U.S. Ambassador James F. Entwistle re-affirmed the strong interest of the United States in Nigeria’s elections during a seminar on March 9 entitled “The Role of Media in Promoting Issue-based Electoral Campaigns in Nigeria.” Serving as the forum’s keynote speaker, Ambassador Entwistle explained the significance of the U.S.-Nigeria relationship in the U.S. policy towards Africa and emphasized that violence has no place in the democratic process.
Ambassador Entwistle commended the efforts of Nigerian civil society groups to promote accountability and non-violence in the electoral process and urged the media to ensure that their stories and editorial opinions are always balanced and reflect both sides of the issue.
He also stressed the importance of a losing candidate’s gracious acceptance of defeat to show that the welfare of a nation transcends individual ambitions. “Think back to the year 2000 in my country, its incredibly complicated elections. At the end of the day, the Supreme Court ruled in favor of George Bush. What did Al-Gore do? He came out before the cameras and graciously accepted the results of the Supreme Court decision because it was in the interest of the nation.”
Ambassador Entwistle also invoked his personal memories of the Civil Rights Movement. He recalled growing up in Montgomery, Alabama in the 1960s: “When I see what my fellow Americans had to go through in order to vote, it is a reminder to me of how precious the right to vote is.” To all Nigerians, he said, “Vote, if you are eligible to vote. It is an incredibly, precious thing to vote.”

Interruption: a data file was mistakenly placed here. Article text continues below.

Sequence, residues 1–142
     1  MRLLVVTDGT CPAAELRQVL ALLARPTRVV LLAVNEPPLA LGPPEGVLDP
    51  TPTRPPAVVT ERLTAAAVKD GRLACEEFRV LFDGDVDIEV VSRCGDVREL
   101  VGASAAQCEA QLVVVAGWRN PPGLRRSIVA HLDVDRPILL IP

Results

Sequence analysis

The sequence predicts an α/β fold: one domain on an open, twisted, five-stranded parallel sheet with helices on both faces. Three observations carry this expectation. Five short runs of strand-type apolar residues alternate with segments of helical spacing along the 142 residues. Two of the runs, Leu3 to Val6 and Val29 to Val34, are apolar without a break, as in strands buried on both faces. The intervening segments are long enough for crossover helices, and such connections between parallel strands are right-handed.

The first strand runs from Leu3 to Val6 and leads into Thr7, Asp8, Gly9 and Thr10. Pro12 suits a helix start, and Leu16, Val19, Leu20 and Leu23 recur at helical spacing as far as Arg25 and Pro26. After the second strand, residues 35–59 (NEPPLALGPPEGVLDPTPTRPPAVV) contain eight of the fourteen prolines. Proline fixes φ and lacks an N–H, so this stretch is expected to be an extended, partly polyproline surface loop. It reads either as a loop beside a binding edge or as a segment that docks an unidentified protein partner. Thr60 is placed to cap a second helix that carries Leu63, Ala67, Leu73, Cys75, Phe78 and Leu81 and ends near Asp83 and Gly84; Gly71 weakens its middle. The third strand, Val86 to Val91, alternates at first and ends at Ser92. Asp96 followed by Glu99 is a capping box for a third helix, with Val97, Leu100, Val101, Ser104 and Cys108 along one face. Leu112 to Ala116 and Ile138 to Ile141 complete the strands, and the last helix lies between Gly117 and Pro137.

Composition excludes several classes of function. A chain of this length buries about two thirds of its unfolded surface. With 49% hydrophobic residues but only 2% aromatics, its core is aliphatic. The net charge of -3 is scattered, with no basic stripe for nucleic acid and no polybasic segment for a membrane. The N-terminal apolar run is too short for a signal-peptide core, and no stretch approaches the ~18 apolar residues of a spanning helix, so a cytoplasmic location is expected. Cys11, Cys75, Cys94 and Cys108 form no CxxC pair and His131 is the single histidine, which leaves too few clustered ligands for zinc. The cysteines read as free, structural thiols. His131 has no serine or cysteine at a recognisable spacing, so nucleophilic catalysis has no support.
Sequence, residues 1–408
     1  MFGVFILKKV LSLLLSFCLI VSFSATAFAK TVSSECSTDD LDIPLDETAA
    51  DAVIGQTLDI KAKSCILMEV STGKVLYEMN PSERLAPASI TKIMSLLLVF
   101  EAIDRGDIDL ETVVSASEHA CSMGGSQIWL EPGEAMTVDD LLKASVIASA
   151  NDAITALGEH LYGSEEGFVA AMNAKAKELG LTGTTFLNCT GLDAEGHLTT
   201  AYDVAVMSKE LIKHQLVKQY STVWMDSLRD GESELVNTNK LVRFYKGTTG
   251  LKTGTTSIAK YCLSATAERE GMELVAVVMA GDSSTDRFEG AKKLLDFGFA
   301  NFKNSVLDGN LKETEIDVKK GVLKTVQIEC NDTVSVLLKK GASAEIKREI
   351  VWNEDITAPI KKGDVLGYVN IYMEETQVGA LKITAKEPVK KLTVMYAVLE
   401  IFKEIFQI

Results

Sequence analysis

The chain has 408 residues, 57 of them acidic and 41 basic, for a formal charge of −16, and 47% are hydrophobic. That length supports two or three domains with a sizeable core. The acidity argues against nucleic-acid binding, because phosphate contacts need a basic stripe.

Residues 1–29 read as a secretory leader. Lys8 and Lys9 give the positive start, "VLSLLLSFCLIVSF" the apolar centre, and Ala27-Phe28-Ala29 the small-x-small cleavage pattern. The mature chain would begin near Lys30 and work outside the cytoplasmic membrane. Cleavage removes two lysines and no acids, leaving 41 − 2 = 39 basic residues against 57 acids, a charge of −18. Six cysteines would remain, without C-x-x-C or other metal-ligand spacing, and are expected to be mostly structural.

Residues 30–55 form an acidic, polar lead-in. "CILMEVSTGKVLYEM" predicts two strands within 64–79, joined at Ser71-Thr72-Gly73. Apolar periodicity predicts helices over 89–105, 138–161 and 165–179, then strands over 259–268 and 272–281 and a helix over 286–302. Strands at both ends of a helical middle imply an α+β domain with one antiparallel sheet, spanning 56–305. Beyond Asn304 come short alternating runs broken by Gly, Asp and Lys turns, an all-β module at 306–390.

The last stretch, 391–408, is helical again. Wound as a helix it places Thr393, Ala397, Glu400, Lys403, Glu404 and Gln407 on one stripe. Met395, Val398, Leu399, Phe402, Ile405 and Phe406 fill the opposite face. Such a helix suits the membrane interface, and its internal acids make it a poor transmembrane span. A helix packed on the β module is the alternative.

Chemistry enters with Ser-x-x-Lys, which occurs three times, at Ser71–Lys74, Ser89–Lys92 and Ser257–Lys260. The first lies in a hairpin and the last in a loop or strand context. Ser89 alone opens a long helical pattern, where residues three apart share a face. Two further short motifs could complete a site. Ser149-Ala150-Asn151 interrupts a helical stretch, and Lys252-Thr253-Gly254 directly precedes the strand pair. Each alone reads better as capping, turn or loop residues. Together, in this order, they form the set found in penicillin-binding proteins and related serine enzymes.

The Transition Monitoring Group (TMG) and International Visitors Leadership Program (IVLP) Alumni Association jointly organized the event. TMG’s national coordinator, Zikirullahi Ibrahim, said that the discussion was aimed at strengthening the media to do their jobs responsibly “because in this season of electoral politics, there is the risk of losing sight of the issues due to the growing trend of hate campaigns.”
Olanrewaju Osho, regional coordinator of the IVLP Alumni Association, said that the seminar allowed Nigerian beneficiaries of U.S. exchange programs to lead, mentor, and contribute to nation building.
Panelists agreed that the media has an agenda-setting role in compelling politicians to focus on the issues and educating the public.